The EU-Africa partnership has ebbed and flowed over the years, with the period since 2020 being particularly dynamic. With the Covid-19 pandemic, the response to the war in Ukraine and the subsequent energy crisis in Europe, cleavages have been unearthed in the partnership.
Three concurrent crises — climate change, the COVID-19 pandemic and the conflict in Ukraine — have combined to worsen food insecurity and malnutrition around the globe. Extreme climate events are becoming more frequent and severe, magnifying the already higher food prices caused by agricultural supply chain disruptions precipitated first by the pandemic and now by geopolitical turbulence. The Rome Based Agencies are called to provide concrete and effective responses to these multi-crises. This report is the result of an Open Consultation Forum organised with IFAD running candidates in June 2022.
British International Investment (BII) is the United Kingdom’s development finance institution (DFI). It is entirely owned by the UK government
The report builds on the result of the European Think Tanks Group (ETTG) and the Elcano Royal Institute cooperation, with the support of the Spanish State Secretariat for International Cooperation of the Ministry of Foreign Affairs, European Union and Cooperation.
UN Public Service Day has been observed on June 23 since 2002. On this day we celebrate the value of public service and the important contribution of efficient, accountable and effective public administration for achieving global development goals.
The present situation of protracted crises – climate, biodiversity, the pandemic and the war in Ukraine – and their repercussions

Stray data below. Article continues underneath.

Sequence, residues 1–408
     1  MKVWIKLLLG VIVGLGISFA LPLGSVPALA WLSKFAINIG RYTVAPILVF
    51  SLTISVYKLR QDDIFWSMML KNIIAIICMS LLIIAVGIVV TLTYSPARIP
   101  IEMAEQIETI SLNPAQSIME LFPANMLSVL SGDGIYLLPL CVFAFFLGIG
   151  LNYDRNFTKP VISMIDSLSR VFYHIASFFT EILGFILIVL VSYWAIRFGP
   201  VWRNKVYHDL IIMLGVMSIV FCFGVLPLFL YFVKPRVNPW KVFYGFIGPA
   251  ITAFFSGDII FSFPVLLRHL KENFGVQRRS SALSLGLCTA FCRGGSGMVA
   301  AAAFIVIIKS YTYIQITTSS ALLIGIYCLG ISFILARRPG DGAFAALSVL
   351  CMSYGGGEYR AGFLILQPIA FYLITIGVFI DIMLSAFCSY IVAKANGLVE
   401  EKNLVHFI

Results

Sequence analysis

This report is the outcome of a partnership initiative launched in 2021 by the European Think Tanks Group (ETTG) and
2022 is set to be dominated by three global tasks: (a) the fight against the COVID-19 pandemic, (b) the climate-stabilising redesign of our economic and social systems, and (c) the negotiation of a multi-polar and rule-based world order.
The European Union stands at a critical junction in the international scramble to establish Europe–Africa commercial corridors. Morocco, Algeria
The European Union (EU) and the African Union (AU) maintain a long-standing partnership on peace and security which can be qualified as constructive. It is largely based on joint interests and objectives and is less contentious compared to other more challenging topics, such as migration and trade. The EU’s new seven-year budget for 2021 – 2027 introduces new ways of working which impact on how the EU will engage on peace and security in Africa. Most notable in this regard is the establishment of the European Peace Facility (EPF) which can potentially undermine the AU’s role in leading and coordinating peace and security measures on the continent. Moreover, these new developments take place against the backdrop of an overall troubled EU-AU relationship which suffers not only from the divergences in interests in key areas such as migration, trade and climate but also from the consequences of the COVID-19 pandemic, and global geopolitics.